Alright – I realize that I’m being more than a little dramatic about this, but at the same time, every question I asked is a valid one.  Recently, I’ve been dealing with a lot of stress related to some problems in my workplace, and more than once, I’ve found myself asking, “is this an issue everyone has to deal with at some point, or do I just have exceptionally bad luck when it comes to part-time jobs?”  This is nowhere near the only (or worst) example I could mention in relation to this question of adulthood, but I think it’s especially relevant to people in my age group – especially students.

So what do you think?  Fellow students and young adults, what are your thoughts about where you’re at in terms of adulthood?  And to everyone else, what do you think about the arguments I’ve made and the points I’ve presented?  What are your perspectives on this?

Thanks for reading!



Everything we do has a process that must be followed in order for that task to be completed.  For example, cooking: to make any sort of food, there is a recipe and list of directions to follow, otherwise that food will turn out to be inedible.  The same goes for taking a test, working 0ut, writing an essay, etc.  In the same way, every writer has a different way of going about their writing.  Some pull out a notepad and pen, others open their computer and use their favorite word-processing program. Every writer also has their own way – or style – of actually producing a piece of writing – that is, what steps they go through to finish a specific piece of writing.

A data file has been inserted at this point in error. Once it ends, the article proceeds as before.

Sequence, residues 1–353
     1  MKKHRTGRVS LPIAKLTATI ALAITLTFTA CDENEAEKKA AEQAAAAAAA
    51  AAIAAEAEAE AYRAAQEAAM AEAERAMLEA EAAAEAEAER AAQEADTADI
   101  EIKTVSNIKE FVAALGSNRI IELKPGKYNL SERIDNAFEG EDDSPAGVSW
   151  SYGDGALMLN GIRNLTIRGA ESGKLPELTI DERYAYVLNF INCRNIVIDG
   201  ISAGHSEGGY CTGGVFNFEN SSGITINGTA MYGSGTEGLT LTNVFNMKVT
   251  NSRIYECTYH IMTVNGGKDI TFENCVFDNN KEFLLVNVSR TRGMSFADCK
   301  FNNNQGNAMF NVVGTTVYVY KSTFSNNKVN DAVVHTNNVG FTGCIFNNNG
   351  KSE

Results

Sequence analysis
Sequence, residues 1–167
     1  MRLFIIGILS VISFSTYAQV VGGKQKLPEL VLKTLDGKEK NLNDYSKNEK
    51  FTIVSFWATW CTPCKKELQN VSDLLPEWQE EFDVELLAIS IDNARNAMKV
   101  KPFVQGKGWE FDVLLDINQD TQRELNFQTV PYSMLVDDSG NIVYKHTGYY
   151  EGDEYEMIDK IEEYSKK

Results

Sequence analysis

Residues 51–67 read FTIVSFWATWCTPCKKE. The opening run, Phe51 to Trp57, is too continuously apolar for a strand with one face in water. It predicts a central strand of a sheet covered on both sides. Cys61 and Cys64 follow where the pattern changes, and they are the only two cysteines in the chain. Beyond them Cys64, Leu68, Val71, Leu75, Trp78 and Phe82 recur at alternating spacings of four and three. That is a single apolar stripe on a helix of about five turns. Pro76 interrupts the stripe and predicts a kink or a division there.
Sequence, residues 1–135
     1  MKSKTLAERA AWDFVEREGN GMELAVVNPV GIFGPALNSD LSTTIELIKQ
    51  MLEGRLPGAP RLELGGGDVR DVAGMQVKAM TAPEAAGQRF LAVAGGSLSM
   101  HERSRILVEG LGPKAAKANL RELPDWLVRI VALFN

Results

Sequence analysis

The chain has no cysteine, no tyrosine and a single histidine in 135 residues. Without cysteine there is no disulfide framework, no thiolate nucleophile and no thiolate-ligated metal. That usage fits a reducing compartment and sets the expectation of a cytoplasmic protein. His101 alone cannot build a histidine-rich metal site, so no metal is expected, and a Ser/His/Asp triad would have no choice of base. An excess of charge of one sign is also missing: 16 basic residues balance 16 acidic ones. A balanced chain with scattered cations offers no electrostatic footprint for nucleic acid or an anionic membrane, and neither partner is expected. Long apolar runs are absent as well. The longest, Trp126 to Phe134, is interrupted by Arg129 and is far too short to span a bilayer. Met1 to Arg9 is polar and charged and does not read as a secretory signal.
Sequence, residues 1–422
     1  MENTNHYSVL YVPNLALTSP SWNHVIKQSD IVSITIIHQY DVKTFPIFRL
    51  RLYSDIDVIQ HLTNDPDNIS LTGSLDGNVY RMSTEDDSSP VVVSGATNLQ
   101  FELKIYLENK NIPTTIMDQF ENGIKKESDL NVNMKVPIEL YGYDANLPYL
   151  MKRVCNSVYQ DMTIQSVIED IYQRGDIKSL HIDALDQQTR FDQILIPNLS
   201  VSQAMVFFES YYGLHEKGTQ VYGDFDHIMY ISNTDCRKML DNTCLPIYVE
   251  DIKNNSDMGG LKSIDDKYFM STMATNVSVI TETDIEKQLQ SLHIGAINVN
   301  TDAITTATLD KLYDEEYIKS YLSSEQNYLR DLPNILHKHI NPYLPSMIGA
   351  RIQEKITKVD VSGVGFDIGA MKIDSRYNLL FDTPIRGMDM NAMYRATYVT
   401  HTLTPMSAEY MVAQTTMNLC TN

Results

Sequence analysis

It’s taken me a while to find the habits that work best for me, but now that I do, the routine of it can actually improve my writing sometimes because I’ve trained myself to think and do it that way. For me, I like to use my computer to write.  I can switch around words and phrases a lot easier, and I’m a much faster typist than I am if I’m writing with a pen and paper.  As for the writing of the piece itself, the process slightly depends on what it is that I’m writing.  Since I’m primarily a creative writer, when I think of my own personal “writing process,” what comes to mind is the process I use when I’m writing a creative piece – i.e., poetry, a novel chapter or a short story.